Pandemic greatly increased demand on free legal advice sector

The professional lawyer-client relationship is everything even in pro bono work, say pro bono lawyers of one of the largest law firms in Slovakia.

Lawyers help clients who cannot afford to pay for legal representation navigate complicated court cases and laws. Lawyers help clients who cannot afford to pay for legal representation navigate complicated court cases and laws. (Source: TASR)

Large transnational law firms coordinate their pro bono activities on both a national and global level.

Helen Rogers is a London-based senior pro bono manager of the Allen & Overy law firm. On the national level, pro bono lawyer Barbora Olžbutová coordinates the pro bono activities of the firm’s Bratislava office. The Slovak Spectator spoke to the two lawyers about how they select the cases to be represented by their lawyers free of charge, what it means for the client when the work done by lawyers is voluntary, and what the red lines are for the company when choosing whom to represent.

The Slovak Spectator (TSS): Is it common for an ordinary person with a legal problem to contact large law firms with pro bono requests? How do large law firms like A&O choose which pro bono projects to take on?

Barbora Olžbutová (BO): We cooperate with a number of NGOs that we have set up regular cooperation with and we take our cases mainly from them. When they present their cases to us, they describe the added value they see in our involvement. We try to take on cases that we believe could help solve a systemic or broader problem. We are open to requests from other organisations or individuals, but the truth is that our capacity is limited, so we need to take that into consideration, too. We do have some cases that we took up out of our own initiative, for example after having seen reports on them in the media.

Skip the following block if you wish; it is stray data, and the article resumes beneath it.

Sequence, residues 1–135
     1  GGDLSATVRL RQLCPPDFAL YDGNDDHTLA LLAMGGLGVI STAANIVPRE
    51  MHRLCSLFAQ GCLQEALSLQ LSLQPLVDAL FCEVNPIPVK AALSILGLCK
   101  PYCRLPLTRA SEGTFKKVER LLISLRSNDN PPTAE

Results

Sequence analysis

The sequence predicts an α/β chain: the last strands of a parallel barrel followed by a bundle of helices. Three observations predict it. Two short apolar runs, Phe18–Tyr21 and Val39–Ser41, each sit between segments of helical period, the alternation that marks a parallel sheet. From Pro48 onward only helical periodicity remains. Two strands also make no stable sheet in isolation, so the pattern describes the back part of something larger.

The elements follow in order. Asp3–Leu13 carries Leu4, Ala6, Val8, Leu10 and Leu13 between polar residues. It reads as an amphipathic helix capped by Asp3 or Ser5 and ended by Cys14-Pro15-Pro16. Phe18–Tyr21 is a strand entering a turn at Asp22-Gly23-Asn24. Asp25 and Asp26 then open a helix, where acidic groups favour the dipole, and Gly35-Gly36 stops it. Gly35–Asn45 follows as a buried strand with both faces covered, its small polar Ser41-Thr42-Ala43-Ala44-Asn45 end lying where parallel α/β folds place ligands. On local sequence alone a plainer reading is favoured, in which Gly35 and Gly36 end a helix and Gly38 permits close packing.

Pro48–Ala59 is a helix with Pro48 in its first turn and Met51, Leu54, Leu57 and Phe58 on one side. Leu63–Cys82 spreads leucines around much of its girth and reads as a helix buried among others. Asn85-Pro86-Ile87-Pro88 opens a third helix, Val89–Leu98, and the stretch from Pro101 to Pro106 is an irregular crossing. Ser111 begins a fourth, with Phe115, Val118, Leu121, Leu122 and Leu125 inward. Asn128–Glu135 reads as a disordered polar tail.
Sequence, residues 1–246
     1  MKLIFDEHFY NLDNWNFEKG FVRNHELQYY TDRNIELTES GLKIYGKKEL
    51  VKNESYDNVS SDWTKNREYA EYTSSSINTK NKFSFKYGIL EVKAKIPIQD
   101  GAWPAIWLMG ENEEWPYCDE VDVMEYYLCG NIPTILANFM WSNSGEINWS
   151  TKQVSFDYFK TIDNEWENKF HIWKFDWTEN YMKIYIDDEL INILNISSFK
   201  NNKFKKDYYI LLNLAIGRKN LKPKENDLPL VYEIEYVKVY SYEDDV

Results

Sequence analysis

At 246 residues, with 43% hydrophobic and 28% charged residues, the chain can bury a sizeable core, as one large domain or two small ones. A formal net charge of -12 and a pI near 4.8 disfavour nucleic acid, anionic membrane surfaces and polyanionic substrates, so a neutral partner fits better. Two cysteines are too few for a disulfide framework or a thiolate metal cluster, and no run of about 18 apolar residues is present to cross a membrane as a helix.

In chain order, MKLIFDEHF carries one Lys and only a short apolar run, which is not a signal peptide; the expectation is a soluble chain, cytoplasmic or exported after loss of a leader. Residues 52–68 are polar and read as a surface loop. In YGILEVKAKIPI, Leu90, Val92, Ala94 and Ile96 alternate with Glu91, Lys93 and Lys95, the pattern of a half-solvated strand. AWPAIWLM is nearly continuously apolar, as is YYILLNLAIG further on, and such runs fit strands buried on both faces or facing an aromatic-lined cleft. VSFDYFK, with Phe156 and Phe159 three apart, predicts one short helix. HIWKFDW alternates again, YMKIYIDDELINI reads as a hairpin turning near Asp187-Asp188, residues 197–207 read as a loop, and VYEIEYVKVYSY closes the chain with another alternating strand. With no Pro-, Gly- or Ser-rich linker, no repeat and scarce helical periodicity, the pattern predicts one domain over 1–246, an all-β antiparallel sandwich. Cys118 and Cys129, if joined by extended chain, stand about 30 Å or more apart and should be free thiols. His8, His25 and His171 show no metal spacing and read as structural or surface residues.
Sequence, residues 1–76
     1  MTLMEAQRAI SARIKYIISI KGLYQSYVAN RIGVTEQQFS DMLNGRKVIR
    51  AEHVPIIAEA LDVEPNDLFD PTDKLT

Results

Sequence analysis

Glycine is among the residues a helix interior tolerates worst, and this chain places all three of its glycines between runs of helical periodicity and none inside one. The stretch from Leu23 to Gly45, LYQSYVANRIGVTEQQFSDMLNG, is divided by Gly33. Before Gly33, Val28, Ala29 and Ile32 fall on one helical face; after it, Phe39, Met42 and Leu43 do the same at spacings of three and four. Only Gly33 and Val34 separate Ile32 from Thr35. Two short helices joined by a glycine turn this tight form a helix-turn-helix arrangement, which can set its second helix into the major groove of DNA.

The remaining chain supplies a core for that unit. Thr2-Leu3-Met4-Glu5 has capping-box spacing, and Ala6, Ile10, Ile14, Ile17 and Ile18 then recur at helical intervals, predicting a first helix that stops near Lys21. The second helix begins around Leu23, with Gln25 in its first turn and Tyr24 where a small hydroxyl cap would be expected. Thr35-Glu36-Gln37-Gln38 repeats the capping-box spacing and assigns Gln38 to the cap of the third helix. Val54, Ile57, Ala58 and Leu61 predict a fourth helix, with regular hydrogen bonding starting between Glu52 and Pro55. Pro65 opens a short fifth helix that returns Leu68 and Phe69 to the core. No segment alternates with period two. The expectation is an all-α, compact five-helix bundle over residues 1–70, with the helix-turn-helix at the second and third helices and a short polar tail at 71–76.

TSS: Is that how things work outside of Slovakia, too?

Helen Rogers (HR): It’s broadly similar. In jurisdictions where there’s a long tradition of pro bono work, like the US, Australia, and the UK, there are more established processes for including pro bono work in larger firms.

We rely a lot on our network of NGOs and charities who do a lot of grassroots work, for example with homeless people and people seeking asylum and immigration status. We have a long history of working with Law Centres in the UK; they are the interface between individual clients and our lawyers. We also rely on our connections with existing charities. We have some connections going back over 25 years. Another source is our staff. We have so many staff members who are passionate about this work on every level. Often, we try to include their cases in the programme. We have three core themes guiding our pro bono work: human rights, access to justice for individuals who cannot afford legal advice, and social finance and impact investment work. You can fit a lot under these three headings.

TSS: What is in it for the lawyers? Is the chance to tap into unexplored territory a motivation?

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